Rookery Bay National Estuarine Research Reserve. Key Island After -- Australia n pines were removed from the coastal strand adjacent to the beach. Approximate ly 8,000 native plants, comprising 15 different species, were reintroduced to the island's scrub and hammock habitats, and many other native plants have recolonized naturally.
Florida, Key Island
828 thumbnail picture
Rookery Bay National Estuarine Research Reserve. An abandoned road within the Reserve was restored to its original wetlands elevation to reestablish sheetflow and tidal flushing. Within a few months of the restoration, the recolonization of native wetlands had begun.
Rookery Bay NERR, Florida
829 thumbnail picture
Rookery Bay National Estuarine Research Reserve. This restoration site along Henderson Creek involved removal of illegally placed fill and non-native plants, reestablishing tidal flushing, and planting of mangroves. the restoration was initiated in 1990. Recolonization of native vegetation is visible along the cut lines.
Rookery Bay NERR, Florida
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Rookery Bay National Estuarine Research Reserve. The Henderson Creek restoration site in 1996.
Rookery Bay NERR, Florida
831 thumbnail picture
Rookery Bay National Estuarine Research Reserve. Berm Removal/ Before -- The Northwest Berm was densely overgrown with Brazilian pepper trees and other invasive exotic plants prior to restoration.
Rookery Bay NERR, Florida
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Rookery Bay National Estuarine Research Reserve. Berm Removal/ After -- The Northwest Berm was taken down to its natural elevation to allow tidal flushing and the natural re-introduction of mangroves through the area.
Rookery Bay NERR, Florida
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Rookery Bay National Estuarine Research Reserve. A map of the coastal areas managed by the Rookery Bay National Estuarine Research Reserve. Managed areas include approximately 110,000 acres.
Rookery Bay NERR, Florida
834 thumbnail picture
Sapelo Island National Estuarine Research Reserve. Satellite image of Sapelo Island. Sapelo Island is Georgia's 4th largest barrier island measuring approximately 11X3 miles.
Sapelo Island, Georgia
835 thumbnail picture
Sapelo Island National Estuarine Research Reserve. Georgia's marshes are home to many animals including bottlenose dolphins.
Sapelo Island, Georgia
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Sapelo Island National Estuarine Research Reserve. Georgia's marshes are home to many animals including bottlenose dolphins.
Sapelo Island, Georgia
837 thumbnail picture
Sapelo Island National Estuarine Research Reserve. Pelicans rest on a shell deposit at low tide near Marsh Landing dock on the southwest side of Sapelo Island.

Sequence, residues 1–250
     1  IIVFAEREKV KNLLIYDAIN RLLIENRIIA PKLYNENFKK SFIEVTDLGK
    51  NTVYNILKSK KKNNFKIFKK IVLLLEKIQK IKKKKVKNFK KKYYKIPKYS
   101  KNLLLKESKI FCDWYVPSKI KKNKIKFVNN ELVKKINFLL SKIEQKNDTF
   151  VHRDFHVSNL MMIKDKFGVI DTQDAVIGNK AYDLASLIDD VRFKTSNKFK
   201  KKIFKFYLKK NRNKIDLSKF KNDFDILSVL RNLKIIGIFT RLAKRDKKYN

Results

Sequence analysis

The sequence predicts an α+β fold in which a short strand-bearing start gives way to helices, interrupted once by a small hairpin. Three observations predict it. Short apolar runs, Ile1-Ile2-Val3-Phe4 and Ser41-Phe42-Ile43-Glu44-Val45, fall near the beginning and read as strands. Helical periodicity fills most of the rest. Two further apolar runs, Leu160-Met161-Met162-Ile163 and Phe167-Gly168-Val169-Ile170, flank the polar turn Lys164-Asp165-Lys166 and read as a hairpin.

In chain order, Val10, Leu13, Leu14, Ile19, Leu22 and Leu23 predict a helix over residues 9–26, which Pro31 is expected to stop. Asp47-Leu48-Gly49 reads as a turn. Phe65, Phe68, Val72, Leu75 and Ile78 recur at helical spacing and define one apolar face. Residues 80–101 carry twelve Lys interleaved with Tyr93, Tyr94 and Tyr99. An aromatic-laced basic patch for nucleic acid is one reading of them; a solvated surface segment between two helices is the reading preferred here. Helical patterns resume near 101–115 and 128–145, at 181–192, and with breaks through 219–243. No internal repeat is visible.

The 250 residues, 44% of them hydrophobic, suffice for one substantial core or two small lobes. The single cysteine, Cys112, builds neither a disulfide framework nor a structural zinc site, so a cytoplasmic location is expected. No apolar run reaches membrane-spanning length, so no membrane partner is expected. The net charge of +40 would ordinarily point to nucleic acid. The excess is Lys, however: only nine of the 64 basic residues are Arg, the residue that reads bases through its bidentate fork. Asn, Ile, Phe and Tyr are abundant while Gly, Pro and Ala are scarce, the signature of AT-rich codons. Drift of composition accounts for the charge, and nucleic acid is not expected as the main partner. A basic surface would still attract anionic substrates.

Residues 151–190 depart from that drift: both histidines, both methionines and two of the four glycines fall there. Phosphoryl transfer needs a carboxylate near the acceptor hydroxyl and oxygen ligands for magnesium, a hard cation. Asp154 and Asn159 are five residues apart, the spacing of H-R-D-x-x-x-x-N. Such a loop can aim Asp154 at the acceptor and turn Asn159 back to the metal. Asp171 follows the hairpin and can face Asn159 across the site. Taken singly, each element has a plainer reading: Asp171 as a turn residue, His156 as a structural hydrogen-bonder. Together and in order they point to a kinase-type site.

Sapelo Island, Georgia
838 thumbnail picture
Sapelo Island National Estuarine Research Reserve. Great egret wades the marsh in search of food.
Sapelo Island, Georgia
839 thumbnail picture
Sapelo Island National Estuarine Research Reserve. Green heron at Marsh Landing Dock.
Sapelo Island, Georgia
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Sapelo Island National Estuarine Research Reserve. McIntosh County is home to a large nesting population of wood storks. Considered an endangered species, wood storks frequent both estuarine and fresh water systems.
Sapelo Island, Georgia
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Sapelo Island National Estuarine Research Reserve. Bracket ferns line the West Perimeter Road.
Sapelo Island, Georgia 1982 July 19
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Sapelo Island National Estuarine Research Reserve. Bracket ferns line the West Perimeter Road.
Sapelo Island, Georgia 1982 July 19
843 thumbnail picture
Sapelo Island National Estuarine Research Reserve. Salt wort and fiddler crabs.
Sapelo Island, Georgia
844 thumbnail picture
Sapelo Island National Estuarine Research Reserve. Salt wort and fiddler crabs.
Sapelo Island, Georgia
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Sapelo Island National Estuarine Research Reserve. Deer tracks on the salt pan.
Sapelo Island, Georgia
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Sapelo Island National Estuarine Research Reserve. Prickly pear cactus at the marsh's edge.
Sapelo Island, Georgia
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Sapelo Island National Estuarine Research Reserve. Resurrection fern grows on the bark of live oak trees and thrives following rainy weather.
Sapelo Island, Georgia
848 thumbnail picture
Sapelo Island National Estuarine Research Reserve. Primary dunes.
Sapelo Island, Georgia
849 thumbnail picture
Sapelo Island National Estuarine Research Reserve. Skimmers on the beach.
Sapelo Island, Georgia

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Last Updated:
April 30, 2013